claim was entirely without merit and taken for any improper purpose. The fact that the District Court
denied Stockade’s Motion for Preliminary Injunction with regard to its trade secret claim does not
mean that the claim was brought in bad faith. Kelly has failed to provide the Court with sufficient
factual allegations to support a finding of bad faith in this case. See Wright's Well Control Servs.,
LLC v. Oceaneering Int'l, Inc., 2017 WL 5572616, at *3 (E.D. La. Nov. 20, 2017) (holding that
defendant’s counterclaim failed to state a claim for attorney's fees under the TUTSA because it failed
to allege sufficient factual allegations to support a finding of bad faith); McKesson Med.-Surgical
Inc. v. Micro Bio-Medics, Inc., 266 F. Supp. 2d 590, 597 (E.D. Mich. 2003) (denying defendants’
request for attorneys fees where they failed to persuade the Court that was clear evidence that the
action was entirely without color and taken for improper purposes amounting to bad faith).
See e.g., Gabriel Technologies Corp. v. Qualcomm Inc., 560 F. App’x 966, 973 (Fed. Cir.
2014) (finding that a party seeking fees under CUTSA must demonstrate that the trade secret claim
was objectively specious and was brought in bad faith or for an improper purpose); Hill v. Best
Medical Int’l Inc., 2011 WL 6749036, * 3 (W.D. Penn. Dec. 22, 2011) (finding that indications of
bad faith include evidence that claims were meritless or that hte motive for filing the suit was for an
improper purpose such as harassment); Contract Materials Processing, Inc. v. Kataleuna GmbH
Catalysts, 222 F. Supp. 2d 733, 744 (D. Md. 2002) (“To succeed on a request for attorney's fees
under the MUTSA, there must be “clear evidence that the action [was] entirely without color and
taken for other improper purposes amounting to bad faith.’”); JLM Formation, Inc. v. Form+PAC,
2004 WL 1858132, *1-2 (N.D. Cal. Aug. 19, 2004) (holding that in order state a claim for attorneys
fees under UTSA, the defendant must demonstrate claim was objectively specious and based on
4. Fed. R. Civ. P. 41(d)
Finally, Kelly argues that it is entitled to attorneys’ fees and costs under Rule 41(d), which
If a plaintiff who previously dismissed an action in any court files an action based on
or including the same claim against the same defendant, the court:
(1) may order the plaintiff to pay all or part of the costs of that
previous action; and
(2) may stay the proceedings until the plaintiff has complied.
FED. R. CIV. P. 41(d) (emphasis added).4 The Court agrees with Stockade’s interpretation that a plain
reading of Rule 41(d) reveals that it applies only to two sequential lawsuits, not a lawsuit and (here)
an overlapping arbitration. The use of the “the court” in the Rule clearly applies to a subsequent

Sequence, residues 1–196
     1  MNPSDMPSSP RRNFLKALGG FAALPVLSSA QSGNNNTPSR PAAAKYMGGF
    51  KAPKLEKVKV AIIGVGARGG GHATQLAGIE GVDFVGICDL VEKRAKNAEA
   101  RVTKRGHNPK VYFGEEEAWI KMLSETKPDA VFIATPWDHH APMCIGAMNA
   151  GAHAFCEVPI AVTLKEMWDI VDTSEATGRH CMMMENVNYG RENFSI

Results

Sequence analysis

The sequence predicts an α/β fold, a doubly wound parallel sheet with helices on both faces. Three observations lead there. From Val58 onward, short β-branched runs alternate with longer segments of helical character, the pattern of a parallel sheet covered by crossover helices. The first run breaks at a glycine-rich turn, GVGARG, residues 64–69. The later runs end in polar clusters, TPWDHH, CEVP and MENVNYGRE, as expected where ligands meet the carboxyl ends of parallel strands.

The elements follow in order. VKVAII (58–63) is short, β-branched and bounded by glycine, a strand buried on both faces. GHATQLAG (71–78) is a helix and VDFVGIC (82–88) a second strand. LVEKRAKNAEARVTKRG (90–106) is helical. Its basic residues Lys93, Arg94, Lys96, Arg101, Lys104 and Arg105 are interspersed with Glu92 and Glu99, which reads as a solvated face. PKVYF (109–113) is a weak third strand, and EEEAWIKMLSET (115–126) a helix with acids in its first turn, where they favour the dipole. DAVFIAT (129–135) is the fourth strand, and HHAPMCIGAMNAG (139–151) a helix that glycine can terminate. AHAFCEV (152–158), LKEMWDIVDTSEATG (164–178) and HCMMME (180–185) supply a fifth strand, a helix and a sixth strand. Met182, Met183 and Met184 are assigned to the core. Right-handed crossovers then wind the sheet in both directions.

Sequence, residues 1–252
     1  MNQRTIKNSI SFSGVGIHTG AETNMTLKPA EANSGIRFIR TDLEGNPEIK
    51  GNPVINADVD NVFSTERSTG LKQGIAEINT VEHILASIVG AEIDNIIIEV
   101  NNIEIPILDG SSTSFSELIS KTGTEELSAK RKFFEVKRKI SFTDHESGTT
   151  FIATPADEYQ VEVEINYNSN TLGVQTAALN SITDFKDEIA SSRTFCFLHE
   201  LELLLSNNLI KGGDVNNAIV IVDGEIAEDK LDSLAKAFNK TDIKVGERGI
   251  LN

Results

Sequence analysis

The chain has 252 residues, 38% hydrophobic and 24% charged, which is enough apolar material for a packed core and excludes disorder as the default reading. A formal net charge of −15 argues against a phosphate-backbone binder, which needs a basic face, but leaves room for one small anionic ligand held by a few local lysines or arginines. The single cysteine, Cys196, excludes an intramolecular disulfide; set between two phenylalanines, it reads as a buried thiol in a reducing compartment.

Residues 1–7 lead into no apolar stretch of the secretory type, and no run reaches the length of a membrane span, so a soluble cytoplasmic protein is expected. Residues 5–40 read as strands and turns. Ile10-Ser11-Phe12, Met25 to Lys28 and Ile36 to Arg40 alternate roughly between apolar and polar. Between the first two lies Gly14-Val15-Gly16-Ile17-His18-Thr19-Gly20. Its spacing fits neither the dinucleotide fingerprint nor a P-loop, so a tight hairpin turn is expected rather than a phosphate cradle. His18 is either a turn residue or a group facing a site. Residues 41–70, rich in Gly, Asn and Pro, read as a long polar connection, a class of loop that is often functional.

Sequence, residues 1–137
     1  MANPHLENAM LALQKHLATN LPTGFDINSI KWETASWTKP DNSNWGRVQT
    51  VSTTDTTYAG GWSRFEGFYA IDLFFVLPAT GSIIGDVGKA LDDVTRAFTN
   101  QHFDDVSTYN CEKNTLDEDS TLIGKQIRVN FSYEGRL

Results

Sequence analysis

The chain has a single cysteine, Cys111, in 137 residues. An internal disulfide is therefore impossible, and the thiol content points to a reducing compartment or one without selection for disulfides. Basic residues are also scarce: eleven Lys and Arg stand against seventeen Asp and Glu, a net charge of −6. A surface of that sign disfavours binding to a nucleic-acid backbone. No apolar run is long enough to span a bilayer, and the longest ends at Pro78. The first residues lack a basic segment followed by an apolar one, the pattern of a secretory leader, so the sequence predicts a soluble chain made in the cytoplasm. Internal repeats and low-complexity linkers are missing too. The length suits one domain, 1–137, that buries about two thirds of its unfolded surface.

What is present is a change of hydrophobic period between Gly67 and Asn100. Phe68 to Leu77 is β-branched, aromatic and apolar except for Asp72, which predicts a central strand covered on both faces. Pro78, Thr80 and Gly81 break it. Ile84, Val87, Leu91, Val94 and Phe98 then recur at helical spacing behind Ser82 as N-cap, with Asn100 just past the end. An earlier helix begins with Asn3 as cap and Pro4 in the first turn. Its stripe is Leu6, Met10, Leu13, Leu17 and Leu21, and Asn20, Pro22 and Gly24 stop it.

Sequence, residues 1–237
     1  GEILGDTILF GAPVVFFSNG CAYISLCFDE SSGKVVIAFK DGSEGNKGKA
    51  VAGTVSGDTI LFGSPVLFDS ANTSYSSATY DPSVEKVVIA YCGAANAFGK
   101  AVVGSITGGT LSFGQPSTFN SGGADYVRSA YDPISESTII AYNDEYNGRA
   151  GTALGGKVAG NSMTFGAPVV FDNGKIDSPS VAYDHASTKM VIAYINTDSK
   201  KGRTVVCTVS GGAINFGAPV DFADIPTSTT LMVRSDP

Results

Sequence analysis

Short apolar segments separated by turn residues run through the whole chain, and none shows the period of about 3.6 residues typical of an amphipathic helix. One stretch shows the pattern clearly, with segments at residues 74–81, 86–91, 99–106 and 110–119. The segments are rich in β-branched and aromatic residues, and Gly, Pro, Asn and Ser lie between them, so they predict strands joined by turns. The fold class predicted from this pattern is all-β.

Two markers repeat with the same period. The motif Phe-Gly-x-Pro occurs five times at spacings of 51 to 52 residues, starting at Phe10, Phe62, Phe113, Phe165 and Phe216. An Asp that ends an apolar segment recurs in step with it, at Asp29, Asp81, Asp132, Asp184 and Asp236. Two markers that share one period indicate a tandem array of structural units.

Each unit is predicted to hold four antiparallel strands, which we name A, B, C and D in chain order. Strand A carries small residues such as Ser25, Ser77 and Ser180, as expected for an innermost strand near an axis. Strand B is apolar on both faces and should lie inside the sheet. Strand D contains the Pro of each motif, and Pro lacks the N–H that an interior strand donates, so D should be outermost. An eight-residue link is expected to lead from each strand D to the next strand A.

court. Thus, only the subsequent court, not a subsequent arbitrator, can impose costs under Rule
Fifth Circuit precedent also dictates that Rule 41(d) only applies to two sequential lawsuits
in the same court. The Fifth Circuit “has repeatedly vacated sanctions that punish conduct that did
not occur in front of the district court.” Portillo, 872 F.3d at 740 n. 29. For example, in Positive
Software Sols., Inc. v. New Century Mortg. Corp., 619 F.3d 458, 463 (5th Cir. 2010), the Fifth
Circuit held that the district court had no power to sanction conduct that occurred in an arbitration
proceeding and pointed out that the defendant could have asked the American Arbitration
Association to re-open the proceedings so it could request that the arbitrator award sanctions.
Similarly, in FDIC v. Maxxam, Inc., 523 F.3d 566, 593–94 (5th Cir. 2008), the Fifth Circuit vacated
While there is a split among the Circuits as to whether attorneys’ fees incurred in the
previous action are recoverable as “costs” under Rule 41(d), the Fifth Circuit has recently held that
“[f]ee awards are permitted under Rule 41(d) only if the underlying statute defines ‘costs’ to include
fees.’” Portillo v. Cunningham, 872 F.3d 728, 739 (5th Cir. 2017).
a fee award, in part because it sanctioned conduct that occurred in an administrative court
proceeding. It explained, “We are persuaded that in imposing the $50 million in sanctions for an
administrative proceeding in Washington, DC, the district court abused its discretion, and that only
the costs related to the district court proceedings are sustainable.” Id. at 593. Accordingly, it would
be improper for this Court to sanction conduct occurring before an arbitrator.
Based upon the foregoing, the Court does not find that Kelly is not entitled to attorneys’ fees
under Rule 41(d).
As stated above, the Court finds that Kelly was not a “prevailing party” as meant by Rule
54(d)(1). Even if it were a prevailing party, Kelly has failed to demonstrate that it is entitled to
attorneys’ fees and costs under Section 19.11 of the Franchise Agreements, Section 134A.005 of the
Texas Civil Practices & Remedies Code or Federal Rule of Civil Procedure 41(d). Accordingly,
Kelly’s Opposed Motion for Attorneys’ Fees and Costs (Dkt. No. 96) is DENIED.
SIGNED this 15th day of June, 2018.
ANDREW W. AUSTIN
UNITED STATES MAGISTRATE JUDGE